Analysis of Design Alternatives of End-of-Life Products Under Fractional Yields

Analysis of Design Alternatives of End-of-Life Products Under Fractional Yields

Aditi D. Joshi (Northeastern University, USA) and Surendra M. Gupta (Northeastern University, USA)
DOI: 10.4018/978-1-5225-5757-9.ch002

Abstract

In this chapter, an advanced remanufacturing-to-order and disassembly-to-order (ARTODTO) system is considered to evaluate various design alternatives of end-of-life (EOL) products to meet products, components, and materials demands. There are uncertainties about the quantity, quality, and variety of returned EOL products, and these uncertainties lead to fractional disassembly yields. Since the main input to the system is EOL products, their quantities to be acquired is important, and should be determined such that they satisfy all the demands. The designs are evaluated based on four criteria: total profit, procurement cost, purchase cost, and disposal cost using goal programming (GP). A numerical example using EOL dryers is considered to illustrate the implementation of the proposed model.
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Introduction

Technological advances in every type of consumer products have improved people’s lives. Products with superior technologies are continuously introduced in the market, and to keep up with the latest technology, consumers are constantly buying upgraded products. This has forced the products to reach their End-Of-Lives (EOL) sooner. Therefore, even though a product may be in good condition, its disposal is inevitable. According to the Environmental Protection Agency (EPA), United States generates 7.6 billion tons of industrial waste each year, more than one third of which is hazardous. Because of the rate of increasing waste, available landfills are filling up quickly, and the number of landfills is decreasing at an alarming rate (Gungor & Gupta, 1999).

Depletion of natural resources and reduction in the available landfills for disposal has led legislators to compel Original Equipment Manufacturers (OEMs) to take the responsibility of their own EOL products. To comply with the regulations and to make profits, OEMs have started investing in the product recovery facilities. Product recovery facilities collect EOL products and use various recovery processes such as recycling, reuse, and remanufacturing to reduce disposal to landfills and manage EOL product waste. Product development with high potential for reuse, remanufacturing, and recycling are ways OEMs can contribute to the conservation of natural resources and manage the EOL products.

Product design plays an important role in the EOL product management (Sabaghi et al., 2016). The efficiency of the product recovery processes can have a profound impact on the management of EOL products and one of the major factors affecting the product recovery processes’ efficiency is the products’ design. Therefore, OEMs would like to consider EOL strategies at the product design stage. Traditionally, product development aims at designing products for cost, functionality, and manufacturability. However, increasing awareness about the environmental issues has forced the product designers to consider environmental factors during the product design phase. Various methodologies to ease the work of designers have been developed, such as design for X (DfX), Life Cycle Assessment, and material selection.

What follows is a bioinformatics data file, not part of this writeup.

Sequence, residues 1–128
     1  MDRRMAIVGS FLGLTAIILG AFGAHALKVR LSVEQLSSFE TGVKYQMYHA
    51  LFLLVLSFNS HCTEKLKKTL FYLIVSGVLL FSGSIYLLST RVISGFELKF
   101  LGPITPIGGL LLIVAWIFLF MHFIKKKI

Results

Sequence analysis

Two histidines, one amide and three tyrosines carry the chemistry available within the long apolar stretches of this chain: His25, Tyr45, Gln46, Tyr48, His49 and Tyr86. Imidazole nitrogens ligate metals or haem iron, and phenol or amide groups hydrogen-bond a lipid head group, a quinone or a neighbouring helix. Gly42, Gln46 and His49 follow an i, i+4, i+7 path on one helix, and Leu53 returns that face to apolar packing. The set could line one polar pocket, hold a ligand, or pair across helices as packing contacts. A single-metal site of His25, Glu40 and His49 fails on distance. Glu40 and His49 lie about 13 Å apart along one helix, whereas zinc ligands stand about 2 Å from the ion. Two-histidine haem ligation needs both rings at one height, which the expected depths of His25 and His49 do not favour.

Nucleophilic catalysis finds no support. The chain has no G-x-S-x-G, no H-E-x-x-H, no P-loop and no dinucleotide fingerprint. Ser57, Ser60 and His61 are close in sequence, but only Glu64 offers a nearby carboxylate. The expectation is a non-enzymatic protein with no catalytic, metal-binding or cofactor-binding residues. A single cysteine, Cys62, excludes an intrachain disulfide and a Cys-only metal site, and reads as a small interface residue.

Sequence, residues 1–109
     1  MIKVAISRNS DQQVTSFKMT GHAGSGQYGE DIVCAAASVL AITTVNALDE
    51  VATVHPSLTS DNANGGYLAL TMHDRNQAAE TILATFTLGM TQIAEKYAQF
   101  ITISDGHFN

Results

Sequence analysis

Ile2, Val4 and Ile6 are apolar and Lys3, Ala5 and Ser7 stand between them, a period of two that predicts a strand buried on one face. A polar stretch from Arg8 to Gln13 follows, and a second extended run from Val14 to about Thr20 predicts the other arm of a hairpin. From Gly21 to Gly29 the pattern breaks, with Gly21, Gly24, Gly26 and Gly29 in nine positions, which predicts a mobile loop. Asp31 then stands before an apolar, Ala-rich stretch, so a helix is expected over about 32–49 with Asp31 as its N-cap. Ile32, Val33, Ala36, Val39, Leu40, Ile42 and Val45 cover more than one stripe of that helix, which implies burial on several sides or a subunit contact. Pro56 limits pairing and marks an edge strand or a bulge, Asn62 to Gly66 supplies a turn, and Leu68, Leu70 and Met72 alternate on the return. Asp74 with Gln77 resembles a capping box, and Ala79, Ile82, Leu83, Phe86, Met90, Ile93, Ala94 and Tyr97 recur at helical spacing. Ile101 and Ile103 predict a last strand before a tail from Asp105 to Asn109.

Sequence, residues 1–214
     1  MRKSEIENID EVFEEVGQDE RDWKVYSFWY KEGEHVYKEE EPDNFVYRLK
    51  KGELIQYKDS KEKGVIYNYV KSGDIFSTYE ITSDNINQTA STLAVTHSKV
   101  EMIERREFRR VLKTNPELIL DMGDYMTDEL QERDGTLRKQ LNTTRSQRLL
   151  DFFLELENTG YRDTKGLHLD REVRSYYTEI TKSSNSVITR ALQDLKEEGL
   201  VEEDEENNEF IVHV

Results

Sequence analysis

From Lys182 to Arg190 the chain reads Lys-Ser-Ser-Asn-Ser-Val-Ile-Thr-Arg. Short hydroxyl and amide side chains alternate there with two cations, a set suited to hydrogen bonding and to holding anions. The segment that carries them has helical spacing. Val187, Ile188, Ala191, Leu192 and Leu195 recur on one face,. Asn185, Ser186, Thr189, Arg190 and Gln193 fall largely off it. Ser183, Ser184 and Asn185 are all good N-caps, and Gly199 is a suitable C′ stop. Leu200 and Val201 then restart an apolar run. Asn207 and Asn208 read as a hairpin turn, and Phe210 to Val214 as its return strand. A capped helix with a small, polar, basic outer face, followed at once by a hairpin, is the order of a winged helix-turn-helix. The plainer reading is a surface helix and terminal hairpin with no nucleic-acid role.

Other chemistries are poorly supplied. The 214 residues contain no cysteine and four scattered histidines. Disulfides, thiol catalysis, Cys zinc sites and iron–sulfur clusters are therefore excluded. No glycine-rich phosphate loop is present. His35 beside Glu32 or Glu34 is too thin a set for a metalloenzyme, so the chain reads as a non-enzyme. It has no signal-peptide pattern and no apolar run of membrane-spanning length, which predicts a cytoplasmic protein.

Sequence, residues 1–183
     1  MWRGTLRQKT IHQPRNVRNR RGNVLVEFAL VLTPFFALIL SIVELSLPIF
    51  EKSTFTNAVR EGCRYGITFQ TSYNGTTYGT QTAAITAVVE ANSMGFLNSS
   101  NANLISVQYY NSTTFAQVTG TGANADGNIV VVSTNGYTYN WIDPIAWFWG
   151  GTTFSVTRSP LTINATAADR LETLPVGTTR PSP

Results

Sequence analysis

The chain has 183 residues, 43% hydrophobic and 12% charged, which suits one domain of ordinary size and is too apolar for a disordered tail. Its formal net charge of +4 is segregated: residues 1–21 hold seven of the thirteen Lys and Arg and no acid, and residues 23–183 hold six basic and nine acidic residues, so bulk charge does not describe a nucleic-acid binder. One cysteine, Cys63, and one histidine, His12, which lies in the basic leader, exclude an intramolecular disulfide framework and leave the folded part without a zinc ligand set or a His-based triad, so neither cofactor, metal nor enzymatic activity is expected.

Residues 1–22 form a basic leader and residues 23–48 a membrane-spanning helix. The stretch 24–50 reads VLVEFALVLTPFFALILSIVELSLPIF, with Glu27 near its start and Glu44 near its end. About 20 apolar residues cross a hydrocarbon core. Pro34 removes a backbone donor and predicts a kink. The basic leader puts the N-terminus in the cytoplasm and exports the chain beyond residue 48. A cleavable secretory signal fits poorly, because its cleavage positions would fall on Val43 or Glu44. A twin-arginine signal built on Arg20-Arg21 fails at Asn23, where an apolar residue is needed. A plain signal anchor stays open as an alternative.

DfX involves different design specialties such as Design for Environment (DfE), Design for Disassembly (DfD), Design for Recycling (DfR), and Design for Remanufacturing (DfRem). Veerakamolmal and Gupta (2000) defined Design for Disassembly (DfD) as the ease of disassembly in the design process. Disassembly is a systematic separation of an assembly into its components, subassemblies, or other groupings (Ondemir & Gupta, 2014). It is an important process as it allows selective separation of desired parts and materials. The aim of DfD is to design products that can be readily disassembled at the end of their lives, to optimize reuse, remanufacturing, or recycling of products, materials, and components. DfD leads to minimizing the complexity of the product structure by minimizing the number of different parts, increasing the use of common materials, optimizing the spatial alignment between various components without affecting the assemblability, functionality, and structural soundness (Veerakamolmal & Gupta, 1999).

Key Terms in this Chapter

Remanufacturing: Remanufacturing is an industrial process involving the conversion of worn-out products into like-new conditions.

Goal Programming: Goal programming is one of the most popular multi-criteria decision-making techniques. The criteria are referred as goals.

Disassembly: The process of systematic separation of an assembly into its subassemblies, or components is called disassembly.

Advanced Remanufacturing-to-Order and Disassembly-to-Order System (ARTODTO): ARTODTO is a system that implements disassembly and remanufacturing to satisfy various demands for products, components, and materials.

Design for X: Design for X is a technique implemented to help designers design products for effective X, where X stands for different processes. For example, design for disassembly, design for remanufacturing.

End-of-Life Products: Products returned by the consumers at their end of life are referred as end-of-life products.

Design Alternatives: When a product is available in different designs where all the designs share the same components, but the arrangement of those components is different in different designs, they are referred as design alternatives.

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